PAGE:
Use locality studies as part of the comparison study at a local scale in KS1 with a non – European country and at a regional scale in KS2 within either N or S America and Europe.
Create a sequence of changes over time using different examples of change caused by human and physical processes such as earthquakes, volcanoes, river erosion, mountain building, climate change etc and organise by time e.g. which changes might happen in a day, which over decades, which over millions of years.
Create manifesto of sustainable change for your school, identifying actions for a healthy planet.
Vocabulary (See Stay Home 5 Future places Vocabulary)
understand geographical similarities and differences through studying the human and physical geography of a small area of the United Kingdom, and of a small area in a contrasting non-European country
Human and physical geography
use basic geographical vocabulary to refer to:
key physical features, including: beach, cliff, coast, forest, hill, mountain, sea, ocean, river, soil, valley, vegetation, season and weather;
key human features, including: city, town, village, factory, farm, house, office, port, harbour and shop
Geographical skills and fieldwork
use simple compass directions (North, South, East and West) and locational and directional language [for example, near and far; left and right], to describe the location of features and routes on a map
use aerial photographs and plan perspectives to recognise landmarks and basic human and physical features; devise a simple map; and use and construct basic symbols in a key
use simple fieldwork and observational skills to study the geography of their school and its grounds and the key human and physical features of its surrounding environment.
name and locate counties and cities of the United Kingdom, geographical regions and their identifying human and physical characteristics, key topographical features (including hills, mountains, coasts and rivers), and land-use patterns; and understand how some of these aspects have changed over time
understand geographical similarities and differences through the study of human and physical geography of a region of the United Kingdom, a region in a European country, and a region within North or South America
describe and understand key aspects of:
physical geography, including: climate zones, biomes and vegetation belts, rivers, mountains, volcanoes and earthquakes, and the water cycle
human geography, including: types of settlement and land use, economic activity including trade links, and the distribution of natural resources including energy, food, minerals and water
use maps, atlases, globes and digital/computer mapping to locate countries and describe features studied
use the eight points of a compass, four and six-figure grid references, symbols and key (including the use of Ordnance Survey maps) to build their knowledge of the United Kingdom and the wider world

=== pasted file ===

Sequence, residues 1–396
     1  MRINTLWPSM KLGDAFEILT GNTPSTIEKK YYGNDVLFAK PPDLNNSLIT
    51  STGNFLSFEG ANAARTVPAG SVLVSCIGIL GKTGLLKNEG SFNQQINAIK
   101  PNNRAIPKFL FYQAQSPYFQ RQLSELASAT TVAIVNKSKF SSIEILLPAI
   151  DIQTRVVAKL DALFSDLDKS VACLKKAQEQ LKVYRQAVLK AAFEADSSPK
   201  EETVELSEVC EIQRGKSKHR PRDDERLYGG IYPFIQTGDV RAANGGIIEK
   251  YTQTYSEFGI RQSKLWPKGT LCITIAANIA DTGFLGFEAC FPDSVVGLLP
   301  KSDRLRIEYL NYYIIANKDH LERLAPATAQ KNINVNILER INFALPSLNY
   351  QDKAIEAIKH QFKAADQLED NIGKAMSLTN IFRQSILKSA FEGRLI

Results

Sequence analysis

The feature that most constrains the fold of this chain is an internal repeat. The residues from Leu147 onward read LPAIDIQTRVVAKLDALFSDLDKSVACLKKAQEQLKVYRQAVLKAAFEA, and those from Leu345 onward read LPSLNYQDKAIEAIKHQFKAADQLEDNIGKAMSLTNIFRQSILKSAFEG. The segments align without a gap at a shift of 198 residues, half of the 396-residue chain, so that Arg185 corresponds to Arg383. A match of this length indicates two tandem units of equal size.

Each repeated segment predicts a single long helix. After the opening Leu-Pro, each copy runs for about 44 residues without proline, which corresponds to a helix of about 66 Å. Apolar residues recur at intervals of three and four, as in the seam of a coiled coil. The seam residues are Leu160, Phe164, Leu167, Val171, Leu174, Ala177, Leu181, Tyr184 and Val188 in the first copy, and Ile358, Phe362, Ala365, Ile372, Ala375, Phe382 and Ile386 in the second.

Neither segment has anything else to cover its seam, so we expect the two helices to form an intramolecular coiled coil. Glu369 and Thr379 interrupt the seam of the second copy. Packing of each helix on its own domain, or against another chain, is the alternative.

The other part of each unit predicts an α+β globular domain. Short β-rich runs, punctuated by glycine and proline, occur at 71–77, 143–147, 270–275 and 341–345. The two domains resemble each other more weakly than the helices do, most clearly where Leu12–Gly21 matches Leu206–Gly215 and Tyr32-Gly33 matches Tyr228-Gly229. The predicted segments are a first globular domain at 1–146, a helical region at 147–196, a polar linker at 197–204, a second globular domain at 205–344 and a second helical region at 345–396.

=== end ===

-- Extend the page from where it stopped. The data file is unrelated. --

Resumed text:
use fieldwork to observe, measure, record and present the human and physical features in the local area using a range of methods, including sketch maps, plans and graphs, and digital technologies.
English: reading, writing, speaking and listening;
Mathematics: handling and presenting data
Science – adaptation and habitats
RE: investigating special places and their importance in our everyday lives.
Ashden Sustainable Energy
LESS CO2 Schools
Digimap for Schools
During these extraordinary times, our homes have never been more important. Through the ‘Stay Home’ collecting project the Museum of Home in East London is inviting people across the UK and beyond to submit images, written words, audios and videos of their experiences of home during the COVID-19 pandemic.
The Mapping Home strand of the ‘Stay Home’ project is asking children and young people to draw a map of home. By asking them to express these spaces on paper, we hope to gain a better understanding of how their experience of the home space may have changed during the COVID-19 restrictions. The maps act as a tool for supporting children and young people in sharing knowledge of their unique experiential expertise of COVID-19 onto paper.
These resources will also help you think about ideas if you are thinking of entering the Young Geographer of the Year 2021 competition ‘Remapping Our World’. For this year’s competition we are asking young people to create an annotated map which reveals how their lives have been shaped by the Covid pandemic.
Please submit your Stay Home maps through www.rgs.org/stayhome – we are really interested to see what you have created!